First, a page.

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MRS. AVES FREED

STAY OF PROCEEDINGS

FOURTH JURY DISAGREES

COMMENTS BY CHIEF

JUSTICE

The failure of the fourth jury to reach a verdict after hearing the trial of Mrs. Isabel Annie Ayes, alias Craike, of Hastings;, oh Seven charges of using an instrument with intent to procure | a miscarriage, has resulted in the Solicitor-General (Mr. H. H. Cornish, K.C.) deciding to file a stay of proceedings. Before discharging the jury and the accused late yesterday afternoon the Chief 'justice (Sir Michael Myers) : commented on various phases of the case, because, he said,' there were aspects which he considered worthy: of the serious . attention of those in' authority. 'He also warned Mrs. Ayes on the future conduct of her household. Mr. H. B. Lusk, Napier Crown Prosecutor, had conducted the prosecution, and Mr. C. G. E. Harker had appeared for the accused. , The jury, which retired at 12.50 p.m., returned just before 5 o'clock, and the foreman told the Eegistrar that an agreement could .not be reached. His Honour: Well, Mr. Foreman, is there any matter, do you think, upon which I can be of any assistance to you? The foreman: The jury doesn't seem to think so. . His Honour: I don't want to know how you were divided. The foreman: The instructions and summing-up were clear enough. Everything was clear enough, but we can't agree:-. \ ■ = His Honour: Do you think it is of any use my keeping you together a little longer? ■''.'■'" The foreman: No use whatever. His Honour: Well, Mr. Lusk, I shall/: of course, have to discharge the jury. Mr. Lusk: I have the authority of the • Solicitor-General that a stay of proceedings will be filed. His Honour: Prisoner at the bar, if the jury in this case had returned a verdict of not guilty, I would have accepted their verdict loyally and without question, even though I may have thought that it was wrong. "The jury, however, have not agreed, and the Crown, it is now stated, proposes to file a stay of proceedings," continued his Honour. "In the circumstances I feel justified in addressing just a few words to you. Not only was there in this case evidence given by five different women alleging that you had procured their miscarriages by the use of these instruments . . . two of the women alleging that they were twice operated upon, but there was evidence which is indisputed arid indisputable that during a period of from eighteen to twenty months you purchased no fewer than twenty dozen —that is, 240 —of these instruments, which the medical evidence says cannot be imagined of use in the hands.of a private person for other than an illegal purpose. There was also evidence that during that same period of eighteen months you had received from no fewer than 183 persons, in varying sums, an aggregate of £2232 10s, that proof coming from your own books." „ ' ,l- ; . ■■•. There was also evidence, ' said his Honour, that the baeik ( part of the accused's section - was;'impregnated with human- foetal remains, the development of which prohibited their, disposal by another method. "Well, upon thai evidence the Crown submitted that a nefarious and criminal business must have been going on in your house for a period of eighteen months or more. The, jury, apparently, found some difficulty and have not been able to; agree upon the question; presumably," as to whether you were the actual person who committed these offences. .1 don't know, of course, whether or not that is the precise | question on which the jury differed. "All I can say is-this, that I should recommend you to see .that your household in future is not carried on in such a way by anyone as that you may be brought before the Court again on a charge:of this kind; because, if you are, you may not be so fortunate, as you are on this occasion."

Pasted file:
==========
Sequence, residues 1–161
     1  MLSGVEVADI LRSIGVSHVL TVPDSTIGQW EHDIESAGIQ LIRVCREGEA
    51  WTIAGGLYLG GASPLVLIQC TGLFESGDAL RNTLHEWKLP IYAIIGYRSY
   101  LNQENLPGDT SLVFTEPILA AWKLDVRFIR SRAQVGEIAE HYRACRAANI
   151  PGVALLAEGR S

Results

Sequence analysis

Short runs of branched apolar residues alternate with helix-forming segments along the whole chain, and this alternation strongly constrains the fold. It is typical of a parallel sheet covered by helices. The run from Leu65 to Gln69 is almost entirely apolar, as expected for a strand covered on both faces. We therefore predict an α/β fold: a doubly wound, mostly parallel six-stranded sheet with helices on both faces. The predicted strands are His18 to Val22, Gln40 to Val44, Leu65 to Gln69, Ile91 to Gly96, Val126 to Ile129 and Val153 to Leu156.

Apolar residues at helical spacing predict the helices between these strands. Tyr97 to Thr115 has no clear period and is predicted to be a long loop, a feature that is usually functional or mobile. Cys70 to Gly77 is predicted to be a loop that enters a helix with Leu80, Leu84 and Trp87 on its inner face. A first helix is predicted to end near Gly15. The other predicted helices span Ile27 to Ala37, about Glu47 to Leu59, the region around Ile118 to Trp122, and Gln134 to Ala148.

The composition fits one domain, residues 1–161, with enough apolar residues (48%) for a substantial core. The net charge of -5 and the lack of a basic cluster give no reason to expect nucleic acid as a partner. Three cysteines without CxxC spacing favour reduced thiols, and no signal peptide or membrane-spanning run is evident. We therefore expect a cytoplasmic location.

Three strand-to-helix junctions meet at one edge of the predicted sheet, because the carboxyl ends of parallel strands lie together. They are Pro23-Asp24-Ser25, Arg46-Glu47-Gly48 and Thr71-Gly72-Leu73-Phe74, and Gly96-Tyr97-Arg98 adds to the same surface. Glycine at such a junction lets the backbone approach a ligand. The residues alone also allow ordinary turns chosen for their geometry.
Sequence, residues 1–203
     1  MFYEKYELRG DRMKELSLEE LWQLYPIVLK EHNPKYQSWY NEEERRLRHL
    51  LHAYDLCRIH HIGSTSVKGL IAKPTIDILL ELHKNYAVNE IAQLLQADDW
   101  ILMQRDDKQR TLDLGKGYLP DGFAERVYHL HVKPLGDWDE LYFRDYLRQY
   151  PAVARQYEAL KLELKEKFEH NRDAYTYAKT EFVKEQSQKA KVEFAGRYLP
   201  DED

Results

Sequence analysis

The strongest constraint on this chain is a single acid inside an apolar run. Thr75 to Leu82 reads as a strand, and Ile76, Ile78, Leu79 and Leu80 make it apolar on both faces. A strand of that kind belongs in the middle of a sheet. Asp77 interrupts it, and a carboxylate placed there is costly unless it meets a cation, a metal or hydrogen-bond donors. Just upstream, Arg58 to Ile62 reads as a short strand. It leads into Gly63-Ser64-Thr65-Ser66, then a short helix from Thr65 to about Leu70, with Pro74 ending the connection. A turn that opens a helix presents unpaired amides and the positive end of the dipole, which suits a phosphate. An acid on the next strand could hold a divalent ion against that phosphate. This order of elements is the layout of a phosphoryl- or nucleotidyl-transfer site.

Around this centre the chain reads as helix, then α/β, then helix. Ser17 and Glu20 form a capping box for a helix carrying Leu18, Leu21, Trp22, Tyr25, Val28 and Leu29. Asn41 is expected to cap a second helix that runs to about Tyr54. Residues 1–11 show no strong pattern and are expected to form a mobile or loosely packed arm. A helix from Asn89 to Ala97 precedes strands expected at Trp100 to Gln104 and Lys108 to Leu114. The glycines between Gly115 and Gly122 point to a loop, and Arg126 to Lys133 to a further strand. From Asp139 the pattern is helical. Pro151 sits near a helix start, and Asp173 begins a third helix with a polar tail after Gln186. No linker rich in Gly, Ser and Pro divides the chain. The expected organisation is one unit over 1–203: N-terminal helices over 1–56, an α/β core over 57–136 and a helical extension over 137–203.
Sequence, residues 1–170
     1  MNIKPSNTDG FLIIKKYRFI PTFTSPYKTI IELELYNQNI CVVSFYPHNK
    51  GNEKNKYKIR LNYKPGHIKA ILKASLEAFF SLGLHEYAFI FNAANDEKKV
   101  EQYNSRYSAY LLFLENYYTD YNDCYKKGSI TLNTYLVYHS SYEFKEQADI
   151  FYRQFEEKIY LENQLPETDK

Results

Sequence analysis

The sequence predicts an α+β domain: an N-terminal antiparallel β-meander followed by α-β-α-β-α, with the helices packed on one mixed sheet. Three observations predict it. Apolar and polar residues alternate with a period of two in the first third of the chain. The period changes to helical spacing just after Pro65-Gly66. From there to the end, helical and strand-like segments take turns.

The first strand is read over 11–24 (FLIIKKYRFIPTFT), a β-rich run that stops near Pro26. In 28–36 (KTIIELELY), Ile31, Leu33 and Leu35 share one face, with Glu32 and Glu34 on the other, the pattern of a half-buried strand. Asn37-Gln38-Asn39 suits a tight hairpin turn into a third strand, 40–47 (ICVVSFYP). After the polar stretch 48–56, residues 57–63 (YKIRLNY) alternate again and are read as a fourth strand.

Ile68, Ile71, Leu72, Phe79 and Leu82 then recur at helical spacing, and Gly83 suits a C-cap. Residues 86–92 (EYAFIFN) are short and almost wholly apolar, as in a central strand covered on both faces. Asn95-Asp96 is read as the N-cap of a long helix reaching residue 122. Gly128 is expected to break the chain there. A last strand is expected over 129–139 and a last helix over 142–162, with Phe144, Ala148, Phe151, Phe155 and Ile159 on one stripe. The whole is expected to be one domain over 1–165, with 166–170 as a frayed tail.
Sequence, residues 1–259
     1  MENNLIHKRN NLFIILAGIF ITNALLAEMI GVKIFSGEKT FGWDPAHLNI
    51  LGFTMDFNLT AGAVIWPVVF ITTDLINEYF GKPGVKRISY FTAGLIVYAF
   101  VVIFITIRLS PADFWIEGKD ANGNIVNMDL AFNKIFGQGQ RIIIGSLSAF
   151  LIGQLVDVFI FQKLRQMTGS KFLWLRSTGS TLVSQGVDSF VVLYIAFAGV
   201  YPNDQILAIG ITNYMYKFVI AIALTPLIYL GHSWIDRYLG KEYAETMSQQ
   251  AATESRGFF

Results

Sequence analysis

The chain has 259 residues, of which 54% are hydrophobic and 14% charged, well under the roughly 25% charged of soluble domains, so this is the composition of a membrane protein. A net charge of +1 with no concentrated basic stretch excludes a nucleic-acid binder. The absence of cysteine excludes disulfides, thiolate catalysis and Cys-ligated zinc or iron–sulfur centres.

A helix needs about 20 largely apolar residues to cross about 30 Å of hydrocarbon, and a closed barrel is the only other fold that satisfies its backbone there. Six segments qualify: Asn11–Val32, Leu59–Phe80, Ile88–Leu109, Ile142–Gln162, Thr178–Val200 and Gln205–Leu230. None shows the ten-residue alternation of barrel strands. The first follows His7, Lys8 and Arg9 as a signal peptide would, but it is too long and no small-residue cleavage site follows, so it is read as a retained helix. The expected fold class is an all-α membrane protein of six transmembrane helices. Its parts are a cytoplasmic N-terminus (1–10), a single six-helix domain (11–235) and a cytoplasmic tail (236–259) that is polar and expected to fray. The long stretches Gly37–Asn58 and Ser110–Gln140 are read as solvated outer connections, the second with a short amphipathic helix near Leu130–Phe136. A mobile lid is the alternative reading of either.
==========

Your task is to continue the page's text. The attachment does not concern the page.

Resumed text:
His Honour discharged the jury and Mrs. Ayes, and added: "I venture to make . thos^e observations .because there are various aspects of this case which, in my view,-are" worthy of the serious attention of those who guide the destiny of this young country."

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Permanent link to this item

https://paperspast.natlib.govt.nz/newspapers/EP19370217.2.54

Bibliographic details

MRS. AVES FREED, Evening Post, Volume CXXIII, Issue 40, 17 February 1937

Word Count
689

MRS. AVES FREED Evening Post, Volume CXXIII, Issue 40, 17 February 1937

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